The independent organization Latin NCAP has tested the safety of the Hyundai Tucson in a series of crash tests, with disappointing results. A crossover of the previous, fourth generation, which is still sold in South America, took part in the tests. Experts recognized the car as extremely unsafe: according to the results of tests by frontal and side impacts, the car did not manage to earn a single star. It received the worst mark for the protection of child passengers.
Tucson experienced a frontal impact with 40 percent overlap at a speed of 64 kilometers per hour, as well as two side collisions with a cart and a pillar at speeds of 50 and 29 kilometers per hour, respectively. In both cases, the crossover design proved to be fragile and strongly deformed from impacts.
In addition, the equipment of the South American off-road vehicle lacks active and passive safety systems that could mitigate the consequences of collisions. So, the “base” Tucson has only two front airbags and no electronic stabilization system. It coped well with the protection of adult passengers, experts noted, but the lack of side airbags significantly worsened the result.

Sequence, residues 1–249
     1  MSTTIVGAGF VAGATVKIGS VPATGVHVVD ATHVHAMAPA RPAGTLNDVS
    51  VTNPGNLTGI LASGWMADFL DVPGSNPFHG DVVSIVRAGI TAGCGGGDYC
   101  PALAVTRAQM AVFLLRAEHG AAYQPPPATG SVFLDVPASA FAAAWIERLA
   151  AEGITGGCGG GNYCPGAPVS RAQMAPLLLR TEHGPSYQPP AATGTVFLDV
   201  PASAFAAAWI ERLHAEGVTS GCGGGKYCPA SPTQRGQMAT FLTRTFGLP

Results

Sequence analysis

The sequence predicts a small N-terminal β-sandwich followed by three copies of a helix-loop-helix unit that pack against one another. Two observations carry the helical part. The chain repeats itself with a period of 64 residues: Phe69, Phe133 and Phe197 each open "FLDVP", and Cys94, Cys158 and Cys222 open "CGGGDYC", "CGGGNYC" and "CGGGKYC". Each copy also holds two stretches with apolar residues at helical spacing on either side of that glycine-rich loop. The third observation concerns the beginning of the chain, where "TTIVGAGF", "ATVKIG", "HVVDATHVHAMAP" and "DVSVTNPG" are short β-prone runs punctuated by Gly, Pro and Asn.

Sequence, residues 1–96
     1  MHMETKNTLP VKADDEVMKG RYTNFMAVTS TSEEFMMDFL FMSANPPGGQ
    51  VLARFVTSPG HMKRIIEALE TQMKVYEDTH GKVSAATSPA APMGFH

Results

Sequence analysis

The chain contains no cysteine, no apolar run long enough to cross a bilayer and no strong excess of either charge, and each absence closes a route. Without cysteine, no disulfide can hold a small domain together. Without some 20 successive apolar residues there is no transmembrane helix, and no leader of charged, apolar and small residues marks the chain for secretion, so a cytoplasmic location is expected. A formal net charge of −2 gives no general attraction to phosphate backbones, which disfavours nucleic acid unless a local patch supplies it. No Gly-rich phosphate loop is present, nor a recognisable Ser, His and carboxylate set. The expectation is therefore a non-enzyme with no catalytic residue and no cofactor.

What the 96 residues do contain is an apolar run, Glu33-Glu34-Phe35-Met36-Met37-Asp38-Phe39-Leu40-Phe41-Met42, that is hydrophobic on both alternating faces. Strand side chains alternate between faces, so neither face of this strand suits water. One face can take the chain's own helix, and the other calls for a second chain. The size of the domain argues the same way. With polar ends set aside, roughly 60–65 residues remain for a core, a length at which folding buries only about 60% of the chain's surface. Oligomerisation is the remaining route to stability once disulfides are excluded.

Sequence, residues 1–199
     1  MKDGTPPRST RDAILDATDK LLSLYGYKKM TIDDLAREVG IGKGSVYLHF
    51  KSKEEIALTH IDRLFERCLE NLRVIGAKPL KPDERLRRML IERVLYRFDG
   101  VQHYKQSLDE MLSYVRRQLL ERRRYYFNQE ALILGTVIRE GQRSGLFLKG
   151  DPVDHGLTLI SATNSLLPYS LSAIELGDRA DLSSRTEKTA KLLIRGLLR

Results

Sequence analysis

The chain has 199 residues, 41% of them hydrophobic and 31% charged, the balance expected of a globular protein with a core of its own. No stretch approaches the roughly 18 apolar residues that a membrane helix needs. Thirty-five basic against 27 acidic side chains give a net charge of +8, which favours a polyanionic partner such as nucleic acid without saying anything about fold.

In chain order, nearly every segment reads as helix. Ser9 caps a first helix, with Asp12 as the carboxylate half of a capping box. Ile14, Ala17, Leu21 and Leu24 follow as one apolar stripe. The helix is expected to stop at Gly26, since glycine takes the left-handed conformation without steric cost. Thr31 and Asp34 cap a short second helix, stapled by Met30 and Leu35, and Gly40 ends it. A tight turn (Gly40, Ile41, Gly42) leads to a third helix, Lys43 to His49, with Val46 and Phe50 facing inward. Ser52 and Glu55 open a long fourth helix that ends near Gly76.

As a result, the safety of the front passengers was rated at 51 percent, the safety of pedestrians – at 50 percent. The car received seven percent for the operation of the systems, and only four percent for the safety of child passengers. At the same time, Hyundai was delaying the supply of spare parts for tested cars, Latin NCAP said, which may be due to both logistics problems and reluctance to conduct tests. In addition, Hyundai turned down the organization when it offered to test the new Tucson.
Last week, Latin NCAP checked the safety of the Fiat hatchback and Cronos sedan. Both models, which debuted in the Latin American market in 2017, also earned zero ratings.